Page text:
Are We Doing This Right?Posted on • Posted in Articles
At The Garage, we are aiming to do far more than help students incubate their startups. While that remains a primary focus of our programming, our ultimate goal is to instill an entrepreneurial mindset and toolkit in the students we work with–teach them the skills of resiliency, leadership, networking, and creative thinking. We know that not all students will pursue their startups full time post-graduation. Whether they never got enough traction and sales, discovered entrepreneurship just wasn’t for them, or they opted for a guaranteed salary and benefits instead, we hope their time spent at The Garage still taught them the value in resilience, the importance of failure in innovation, the basics of bootstrapping and the innovative mindset to be successful anywhere.
However, the metrics of bootstrapping and the willingness to take risks are pretty difficult to track and quantify. While we’d love for every student venture to be successful, company growth alone isn’t the only measurement of success in this environment, so The Garage partnered with Consultant Advising Student Enterprises (CASE) to drill it down to some numbers. We set out to better understand if The Garage is really teaching the skills employers desire through our innovative and experiential hands-on learning environment.
The study was conducted with a relatively small sample, but responses were high and all of the respondents are Residents, students who are incubating their startups at The Garage while students at Northwestern. A lot of interesting (and positive!) data came out of this recent study, but before we get to the numbers, here are some other exciting tidbits we discovered with CASE’s help.
First, approximately 60% of respondents indicated that their startups are their highest priority after their coursework. This isn’t surprising. The Garage is brimming with passion, and Residents are often in the space late into the night working on their ventures. We also learned that physical resources, access to a network of people and personal development opportunities were rated as the main reasons students applied for Residency–three things that we pride ourselves on providing.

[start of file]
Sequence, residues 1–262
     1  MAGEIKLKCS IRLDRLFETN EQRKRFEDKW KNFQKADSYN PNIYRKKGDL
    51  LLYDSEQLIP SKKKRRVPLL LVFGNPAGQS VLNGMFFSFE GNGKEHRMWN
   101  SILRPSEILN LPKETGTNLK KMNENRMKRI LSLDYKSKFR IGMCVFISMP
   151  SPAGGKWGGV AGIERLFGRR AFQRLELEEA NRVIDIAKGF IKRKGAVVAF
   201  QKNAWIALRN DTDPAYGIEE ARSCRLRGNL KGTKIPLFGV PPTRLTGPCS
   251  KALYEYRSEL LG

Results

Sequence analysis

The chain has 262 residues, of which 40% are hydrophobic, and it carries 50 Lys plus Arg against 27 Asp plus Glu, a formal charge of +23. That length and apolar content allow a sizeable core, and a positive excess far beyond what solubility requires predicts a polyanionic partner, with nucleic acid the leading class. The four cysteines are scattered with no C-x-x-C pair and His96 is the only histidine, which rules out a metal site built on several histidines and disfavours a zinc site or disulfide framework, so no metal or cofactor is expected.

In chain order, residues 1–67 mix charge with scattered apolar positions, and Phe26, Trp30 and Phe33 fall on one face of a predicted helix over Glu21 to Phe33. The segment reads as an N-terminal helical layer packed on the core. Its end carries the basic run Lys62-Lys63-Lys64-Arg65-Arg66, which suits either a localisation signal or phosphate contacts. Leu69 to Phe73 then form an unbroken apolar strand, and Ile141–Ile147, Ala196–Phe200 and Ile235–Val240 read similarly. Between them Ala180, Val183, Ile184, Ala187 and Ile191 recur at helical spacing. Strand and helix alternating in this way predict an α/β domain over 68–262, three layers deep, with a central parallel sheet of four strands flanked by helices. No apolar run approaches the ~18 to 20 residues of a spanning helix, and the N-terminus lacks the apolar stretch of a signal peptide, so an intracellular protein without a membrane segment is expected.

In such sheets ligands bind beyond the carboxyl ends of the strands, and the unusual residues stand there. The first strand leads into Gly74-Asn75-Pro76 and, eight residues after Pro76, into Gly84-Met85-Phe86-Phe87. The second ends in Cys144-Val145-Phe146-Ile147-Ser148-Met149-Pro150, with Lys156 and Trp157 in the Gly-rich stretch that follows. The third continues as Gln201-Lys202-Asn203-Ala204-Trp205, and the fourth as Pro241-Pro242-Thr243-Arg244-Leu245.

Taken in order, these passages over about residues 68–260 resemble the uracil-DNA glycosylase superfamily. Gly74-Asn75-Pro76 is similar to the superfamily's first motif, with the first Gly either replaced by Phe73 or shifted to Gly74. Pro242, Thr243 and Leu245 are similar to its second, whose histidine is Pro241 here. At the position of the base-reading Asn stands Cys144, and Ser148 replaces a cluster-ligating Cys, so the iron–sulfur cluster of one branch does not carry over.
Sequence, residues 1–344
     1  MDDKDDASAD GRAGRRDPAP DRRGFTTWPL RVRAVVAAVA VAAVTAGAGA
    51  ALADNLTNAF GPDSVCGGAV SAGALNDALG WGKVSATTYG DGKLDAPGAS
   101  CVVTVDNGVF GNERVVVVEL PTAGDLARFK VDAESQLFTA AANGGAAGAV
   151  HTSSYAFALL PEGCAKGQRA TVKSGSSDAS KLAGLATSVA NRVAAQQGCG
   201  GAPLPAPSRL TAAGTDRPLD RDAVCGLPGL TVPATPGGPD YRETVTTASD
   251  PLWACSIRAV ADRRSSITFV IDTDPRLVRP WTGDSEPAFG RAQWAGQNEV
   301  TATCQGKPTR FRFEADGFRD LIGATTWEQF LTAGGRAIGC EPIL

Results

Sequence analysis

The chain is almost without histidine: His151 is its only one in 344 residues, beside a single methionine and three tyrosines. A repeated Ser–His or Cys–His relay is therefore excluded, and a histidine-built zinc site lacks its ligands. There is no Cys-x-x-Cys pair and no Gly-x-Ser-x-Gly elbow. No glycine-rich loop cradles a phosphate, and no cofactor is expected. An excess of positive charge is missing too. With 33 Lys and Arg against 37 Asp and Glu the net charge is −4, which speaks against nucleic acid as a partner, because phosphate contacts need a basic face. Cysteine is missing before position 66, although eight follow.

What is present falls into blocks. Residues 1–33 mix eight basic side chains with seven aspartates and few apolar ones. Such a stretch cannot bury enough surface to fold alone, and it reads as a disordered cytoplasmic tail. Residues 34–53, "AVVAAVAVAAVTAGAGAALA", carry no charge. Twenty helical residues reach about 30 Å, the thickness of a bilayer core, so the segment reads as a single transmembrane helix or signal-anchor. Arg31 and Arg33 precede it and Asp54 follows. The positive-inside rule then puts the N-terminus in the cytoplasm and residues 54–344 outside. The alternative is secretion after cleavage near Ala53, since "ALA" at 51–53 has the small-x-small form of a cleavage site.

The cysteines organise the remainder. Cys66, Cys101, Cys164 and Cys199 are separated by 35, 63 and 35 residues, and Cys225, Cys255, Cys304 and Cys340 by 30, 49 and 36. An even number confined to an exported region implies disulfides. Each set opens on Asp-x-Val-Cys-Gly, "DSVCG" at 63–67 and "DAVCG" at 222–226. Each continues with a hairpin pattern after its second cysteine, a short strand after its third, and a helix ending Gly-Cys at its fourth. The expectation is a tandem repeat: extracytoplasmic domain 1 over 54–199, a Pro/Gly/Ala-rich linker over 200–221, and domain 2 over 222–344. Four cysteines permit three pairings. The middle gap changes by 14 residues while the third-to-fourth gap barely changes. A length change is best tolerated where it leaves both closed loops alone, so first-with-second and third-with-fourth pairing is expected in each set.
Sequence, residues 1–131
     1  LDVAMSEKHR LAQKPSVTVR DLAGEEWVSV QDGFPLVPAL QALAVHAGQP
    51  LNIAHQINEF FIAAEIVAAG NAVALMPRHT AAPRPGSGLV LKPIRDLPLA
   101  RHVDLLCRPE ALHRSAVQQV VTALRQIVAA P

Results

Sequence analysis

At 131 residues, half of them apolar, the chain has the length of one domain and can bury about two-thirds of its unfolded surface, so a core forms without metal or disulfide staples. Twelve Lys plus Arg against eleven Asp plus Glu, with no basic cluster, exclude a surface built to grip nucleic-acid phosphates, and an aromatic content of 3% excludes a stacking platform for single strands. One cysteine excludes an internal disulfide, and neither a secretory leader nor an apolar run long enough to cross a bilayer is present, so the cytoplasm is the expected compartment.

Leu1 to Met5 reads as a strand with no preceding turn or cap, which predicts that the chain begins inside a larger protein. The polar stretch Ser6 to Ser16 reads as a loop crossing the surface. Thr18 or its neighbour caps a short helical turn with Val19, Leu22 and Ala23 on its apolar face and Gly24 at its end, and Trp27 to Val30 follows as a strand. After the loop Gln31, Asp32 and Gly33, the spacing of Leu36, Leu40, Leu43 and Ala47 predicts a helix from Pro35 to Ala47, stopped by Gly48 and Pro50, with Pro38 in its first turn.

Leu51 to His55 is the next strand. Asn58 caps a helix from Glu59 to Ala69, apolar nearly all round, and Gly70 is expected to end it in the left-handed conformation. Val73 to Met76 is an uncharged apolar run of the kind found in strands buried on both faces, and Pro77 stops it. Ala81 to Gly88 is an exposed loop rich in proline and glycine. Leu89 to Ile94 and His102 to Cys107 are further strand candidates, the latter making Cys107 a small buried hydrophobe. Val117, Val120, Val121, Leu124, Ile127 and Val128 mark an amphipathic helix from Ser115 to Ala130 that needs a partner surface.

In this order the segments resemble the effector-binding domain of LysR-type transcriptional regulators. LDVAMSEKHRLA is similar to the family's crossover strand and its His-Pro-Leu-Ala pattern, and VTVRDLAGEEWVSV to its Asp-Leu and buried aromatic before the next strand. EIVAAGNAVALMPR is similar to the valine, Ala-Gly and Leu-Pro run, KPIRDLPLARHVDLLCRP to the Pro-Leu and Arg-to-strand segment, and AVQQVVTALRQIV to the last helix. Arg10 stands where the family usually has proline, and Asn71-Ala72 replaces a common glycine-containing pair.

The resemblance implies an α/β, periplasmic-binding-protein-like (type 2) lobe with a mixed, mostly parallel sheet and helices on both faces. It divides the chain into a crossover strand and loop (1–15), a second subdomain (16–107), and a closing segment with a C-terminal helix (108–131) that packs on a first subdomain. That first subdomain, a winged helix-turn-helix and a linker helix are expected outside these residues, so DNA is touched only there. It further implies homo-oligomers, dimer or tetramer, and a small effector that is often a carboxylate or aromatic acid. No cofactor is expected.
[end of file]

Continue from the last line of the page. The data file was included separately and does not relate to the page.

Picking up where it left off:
CASE hypothesized that Resident students at The Garage gain in-demand workplace skills through their experience here. Residents were surveyed on the skills they feel they’ve improved upon by working on their startups, and employers were asked to choose skills they felt were most desirable and critical to success in the workplace and with any luck, these two sets of data would show some statistical significance.
Major skills in question included communication, leadership, interpersonal and personal skills, creativity and professional skills. Under each of these major skills, respondents could then rate sub-skills (for example, managing and mentoring falling under leadership).
Overall, employers value communication, interpersonal skills, leadership, professional skills, creativity, and personal skills in that order. Student respondents reported improving upon communication, interpersonal skills, leadership, professional skills, creativity, and personal skills, in that order. Although the value placed on each skill varied from the different set of respondents within a range of 10-20%, this observation suggests that the skills that students reported as improving upon as a result of their experience at The Garage correspond very closely with the same skills that employers reported as in-demand in the workplace. This conclusion not only validates what The Garage is working so hard to achieve every day, but better helps us to understand how we can best prepare students for success, whatever it may look like.
With CASE’s help, we also discovered that an area of improvement identified among Resident students is conflict resolution, a critical skill in the workplace. Twice as many employers selected it as a valuable skill against what Residents feel they’ve learned. And while students clearly value leadership based on their responses, employers didn’t emphasize it as much.
Together, these results show Residents are gaining valuable workplace skills and experience while pursuing their startups. More than anything, they learn resilience and what it takes to thrive in a competitive environment where the next “no” or setback could be one question or risk away. We are on a mission to enhance the experience for students interested in entrepreneurship and innovation at Northwestern through our space, community, and programming. By offering an open co-working space with future facing technology and a family of experts and mentors, we are so excited that students are learning practical and important skills that will no doubt lead to success–whatever that looks like.
Thanks to CASE for conducting this study for The Garage!